Hot Off the Press: SB 10 Peer Certification First Hearing 3/27

The first Hearing date for SB 10, Peer, Parent, Transition-Age, and Family Support Specialist Certification Program, has been set. 
Wednesday March 27
1:30 p.m.
Senate Health Committee Room 4203
Support letters are due a week before the hearing, so by 3/20

ABCs of Advocacy 2/21, 3/7, 3/21 Register today!

Webinar A: Advocacy Basics
Thurs., Feb. 21, 2019 at 10:00 AM

What will be covered:
  • What is advocacy, who are stakeholders and why advocate.
  • Consumer roots of the law, the Mental Health Service Act (MHSA) and regulations for Stakeholder involvement in planning mental health services.
  • A bird’s eye view of who the County decision-makers are and how you can participate.
  • Access to basic terms and acronyms used in Behavioral Health and where you can go to find county contacts.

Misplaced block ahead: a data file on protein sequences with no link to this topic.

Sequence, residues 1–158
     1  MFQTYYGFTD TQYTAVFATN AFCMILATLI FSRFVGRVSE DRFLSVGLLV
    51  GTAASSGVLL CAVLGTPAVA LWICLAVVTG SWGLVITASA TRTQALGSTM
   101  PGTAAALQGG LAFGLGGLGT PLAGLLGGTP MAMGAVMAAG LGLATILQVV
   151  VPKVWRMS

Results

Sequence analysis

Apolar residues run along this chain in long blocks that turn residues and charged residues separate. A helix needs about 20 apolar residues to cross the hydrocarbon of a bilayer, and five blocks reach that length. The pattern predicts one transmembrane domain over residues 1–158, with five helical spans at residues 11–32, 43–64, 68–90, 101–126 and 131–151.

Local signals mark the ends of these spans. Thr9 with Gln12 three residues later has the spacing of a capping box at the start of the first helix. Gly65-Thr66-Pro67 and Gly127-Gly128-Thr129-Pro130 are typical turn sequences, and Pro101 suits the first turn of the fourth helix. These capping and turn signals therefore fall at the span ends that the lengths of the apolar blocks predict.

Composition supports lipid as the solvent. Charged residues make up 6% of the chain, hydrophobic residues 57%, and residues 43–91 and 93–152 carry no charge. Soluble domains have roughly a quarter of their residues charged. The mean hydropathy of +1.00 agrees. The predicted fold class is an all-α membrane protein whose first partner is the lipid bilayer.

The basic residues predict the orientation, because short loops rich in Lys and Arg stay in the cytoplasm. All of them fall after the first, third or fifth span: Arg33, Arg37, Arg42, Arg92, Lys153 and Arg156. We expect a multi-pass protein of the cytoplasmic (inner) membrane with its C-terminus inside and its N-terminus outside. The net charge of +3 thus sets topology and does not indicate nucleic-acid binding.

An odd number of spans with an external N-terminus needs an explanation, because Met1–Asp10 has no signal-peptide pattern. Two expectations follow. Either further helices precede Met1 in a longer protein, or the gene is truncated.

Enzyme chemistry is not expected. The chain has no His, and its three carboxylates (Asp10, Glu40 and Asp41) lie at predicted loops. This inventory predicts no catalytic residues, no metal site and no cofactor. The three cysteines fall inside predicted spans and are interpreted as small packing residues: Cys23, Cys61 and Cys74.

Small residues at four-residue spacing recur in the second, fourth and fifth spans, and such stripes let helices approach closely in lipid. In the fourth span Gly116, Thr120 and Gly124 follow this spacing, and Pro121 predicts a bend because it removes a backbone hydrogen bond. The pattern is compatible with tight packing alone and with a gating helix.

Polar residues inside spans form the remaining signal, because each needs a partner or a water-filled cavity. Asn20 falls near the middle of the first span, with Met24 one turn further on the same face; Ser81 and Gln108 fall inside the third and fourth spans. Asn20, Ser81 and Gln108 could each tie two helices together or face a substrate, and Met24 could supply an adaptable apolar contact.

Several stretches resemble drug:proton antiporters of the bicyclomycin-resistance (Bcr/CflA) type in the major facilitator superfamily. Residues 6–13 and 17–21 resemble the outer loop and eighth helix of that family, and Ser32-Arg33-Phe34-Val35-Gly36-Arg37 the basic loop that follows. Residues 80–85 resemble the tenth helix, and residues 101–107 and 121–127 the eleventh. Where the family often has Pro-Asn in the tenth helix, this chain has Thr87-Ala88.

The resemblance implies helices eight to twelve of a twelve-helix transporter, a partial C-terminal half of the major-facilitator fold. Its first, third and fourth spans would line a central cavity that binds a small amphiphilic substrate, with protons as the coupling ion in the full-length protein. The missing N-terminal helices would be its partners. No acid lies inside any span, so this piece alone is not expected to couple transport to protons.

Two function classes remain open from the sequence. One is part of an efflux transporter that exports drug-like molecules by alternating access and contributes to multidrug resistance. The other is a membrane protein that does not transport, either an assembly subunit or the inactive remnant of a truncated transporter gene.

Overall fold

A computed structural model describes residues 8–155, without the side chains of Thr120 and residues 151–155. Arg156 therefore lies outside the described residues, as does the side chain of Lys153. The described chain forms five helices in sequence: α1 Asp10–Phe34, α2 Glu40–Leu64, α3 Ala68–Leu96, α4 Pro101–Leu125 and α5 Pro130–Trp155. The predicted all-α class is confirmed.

REGISTER HERE

Webinar B: Best Community Planning Practices
Thurs., Mar. 7, 2019 at 10:00 AM

What will be covered:
  • Types of County meetings and various stakeholder participation or roles
  • Meeting mechanics, culture and etiquette
  • MHSA stakeholder community planning best principles & practices applied to different stakeholder roles.
  • What to look for in county budgets and plans.
  • More resources to become a meaningful stakeholder

REGISTER HERE

Webinar C: Community Planning; How to Work It
Thurs., Mar. 21, 2019 at 10:00 AM

What will be covered: